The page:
When I heard that Jennifer Lyon, a “Survivor: Palau” contestant, died of breast cancer at 37, it triggered a lot of emotion as I’m sure it did for many breast cancer survivors. It’s always a shock to hear it’s claimed someone who’s so young, and you can’t help but feel sad for her family’s loss.
I admired her for the way she battled her cancer to a standstill for several years, and even more for the way she spoke up about her diagnosis. When she was diagnosed with stage three cancer in 2005, she said she felt something in her breast a year earlier but assumed it was scar tissue. As a celebrity, that was one of the most valuable things she could have done.
I don’t know about you, but it took me years to reach the point where I felt comfortable telling my doctor about symptoms instead of figuring I could diagnose them myself. Part of my prairie heritage is not going to a doctor if it’s not bleeding or broken. My dad might have lived longer if he hadn’t mistakenly believed his cancer symptoms were left over from a bout with West Nile.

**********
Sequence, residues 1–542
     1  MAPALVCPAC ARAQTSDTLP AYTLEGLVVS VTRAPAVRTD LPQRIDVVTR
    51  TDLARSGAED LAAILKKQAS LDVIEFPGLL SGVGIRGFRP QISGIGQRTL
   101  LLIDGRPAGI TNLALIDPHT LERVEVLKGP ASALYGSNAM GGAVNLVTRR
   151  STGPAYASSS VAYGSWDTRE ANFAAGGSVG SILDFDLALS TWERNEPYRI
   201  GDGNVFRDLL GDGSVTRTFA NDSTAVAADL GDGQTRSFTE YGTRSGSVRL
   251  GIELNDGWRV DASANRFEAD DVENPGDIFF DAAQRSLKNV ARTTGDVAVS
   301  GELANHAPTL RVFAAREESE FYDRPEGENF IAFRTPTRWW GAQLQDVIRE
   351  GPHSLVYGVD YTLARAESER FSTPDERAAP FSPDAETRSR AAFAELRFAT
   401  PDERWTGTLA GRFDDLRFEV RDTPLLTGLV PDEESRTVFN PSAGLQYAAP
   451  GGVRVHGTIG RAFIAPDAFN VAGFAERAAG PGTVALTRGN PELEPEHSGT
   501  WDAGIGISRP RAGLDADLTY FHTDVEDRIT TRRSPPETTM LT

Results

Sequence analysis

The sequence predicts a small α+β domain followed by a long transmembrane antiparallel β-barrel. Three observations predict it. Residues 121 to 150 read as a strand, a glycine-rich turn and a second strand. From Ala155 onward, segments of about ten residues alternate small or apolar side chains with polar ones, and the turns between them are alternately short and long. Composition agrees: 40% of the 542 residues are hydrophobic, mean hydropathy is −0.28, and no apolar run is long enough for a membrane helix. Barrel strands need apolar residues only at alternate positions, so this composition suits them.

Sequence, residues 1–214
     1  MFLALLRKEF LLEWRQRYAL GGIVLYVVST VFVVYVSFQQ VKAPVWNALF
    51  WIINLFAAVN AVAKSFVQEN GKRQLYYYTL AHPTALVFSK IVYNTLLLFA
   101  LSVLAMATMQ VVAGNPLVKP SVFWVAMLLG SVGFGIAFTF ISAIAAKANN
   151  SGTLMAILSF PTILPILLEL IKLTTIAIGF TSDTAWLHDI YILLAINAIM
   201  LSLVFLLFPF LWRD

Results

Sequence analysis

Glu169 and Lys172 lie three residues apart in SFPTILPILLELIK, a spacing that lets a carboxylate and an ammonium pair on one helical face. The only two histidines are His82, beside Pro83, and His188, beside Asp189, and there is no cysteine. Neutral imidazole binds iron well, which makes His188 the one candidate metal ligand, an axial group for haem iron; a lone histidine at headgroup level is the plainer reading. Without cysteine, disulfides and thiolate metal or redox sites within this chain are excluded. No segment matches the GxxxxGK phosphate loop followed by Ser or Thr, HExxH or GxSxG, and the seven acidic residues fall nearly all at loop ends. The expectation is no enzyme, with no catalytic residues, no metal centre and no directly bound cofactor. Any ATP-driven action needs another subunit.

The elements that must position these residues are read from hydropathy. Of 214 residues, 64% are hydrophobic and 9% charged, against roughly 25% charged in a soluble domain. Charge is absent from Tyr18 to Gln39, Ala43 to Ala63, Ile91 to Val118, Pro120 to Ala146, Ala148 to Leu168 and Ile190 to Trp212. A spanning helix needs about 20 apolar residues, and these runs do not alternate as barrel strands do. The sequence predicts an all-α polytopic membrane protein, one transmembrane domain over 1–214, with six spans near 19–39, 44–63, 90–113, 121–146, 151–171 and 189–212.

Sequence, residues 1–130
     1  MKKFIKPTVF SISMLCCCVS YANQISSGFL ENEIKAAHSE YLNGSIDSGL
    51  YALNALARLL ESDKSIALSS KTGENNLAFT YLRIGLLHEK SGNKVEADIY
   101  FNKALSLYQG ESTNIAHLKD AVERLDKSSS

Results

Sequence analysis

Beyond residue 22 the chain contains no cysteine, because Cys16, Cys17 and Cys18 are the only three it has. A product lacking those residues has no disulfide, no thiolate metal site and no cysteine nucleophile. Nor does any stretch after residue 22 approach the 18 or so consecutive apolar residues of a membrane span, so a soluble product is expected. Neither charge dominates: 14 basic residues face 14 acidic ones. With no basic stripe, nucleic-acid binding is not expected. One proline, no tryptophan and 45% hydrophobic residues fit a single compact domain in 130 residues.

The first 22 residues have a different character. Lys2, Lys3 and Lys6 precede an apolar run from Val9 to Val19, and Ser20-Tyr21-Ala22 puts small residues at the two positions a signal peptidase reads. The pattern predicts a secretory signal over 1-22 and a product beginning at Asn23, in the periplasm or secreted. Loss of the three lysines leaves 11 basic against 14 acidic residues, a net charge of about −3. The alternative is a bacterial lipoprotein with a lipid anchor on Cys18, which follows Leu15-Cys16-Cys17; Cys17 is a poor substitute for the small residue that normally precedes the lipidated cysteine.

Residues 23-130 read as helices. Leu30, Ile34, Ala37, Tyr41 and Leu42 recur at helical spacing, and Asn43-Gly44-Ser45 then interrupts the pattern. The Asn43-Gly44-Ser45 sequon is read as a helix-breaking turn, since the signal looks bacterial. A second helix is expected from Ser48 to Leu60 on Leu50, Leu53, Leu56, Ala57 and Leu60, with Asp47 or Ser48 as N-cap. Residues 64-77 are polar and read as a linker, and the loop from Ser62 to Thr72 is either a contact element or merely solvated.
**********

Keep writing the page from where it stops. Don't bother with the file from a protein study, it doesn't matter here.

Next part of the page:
Every time someone like Jennifer speaks up about not putting things off, it has to help. By publicly sharing her experience, I’m sure she prompted women to get something suspicious checked. We’ll never know how many, but I wouldn’t be surprised if she saved some lives.
Treatment has improved and breast cancer is being caught earlier than ever, but none of that should make us complacent. That may be why Jennifer’s death was such a jolt. It was a stark reminder that this disease is still killing women, some of whom are very young. We need to keep supporting research and paying attention to our bodies. By doing so, we’re honoring the memory of Jennifer and too many others like her. Here’s wishing all of them Godspeed.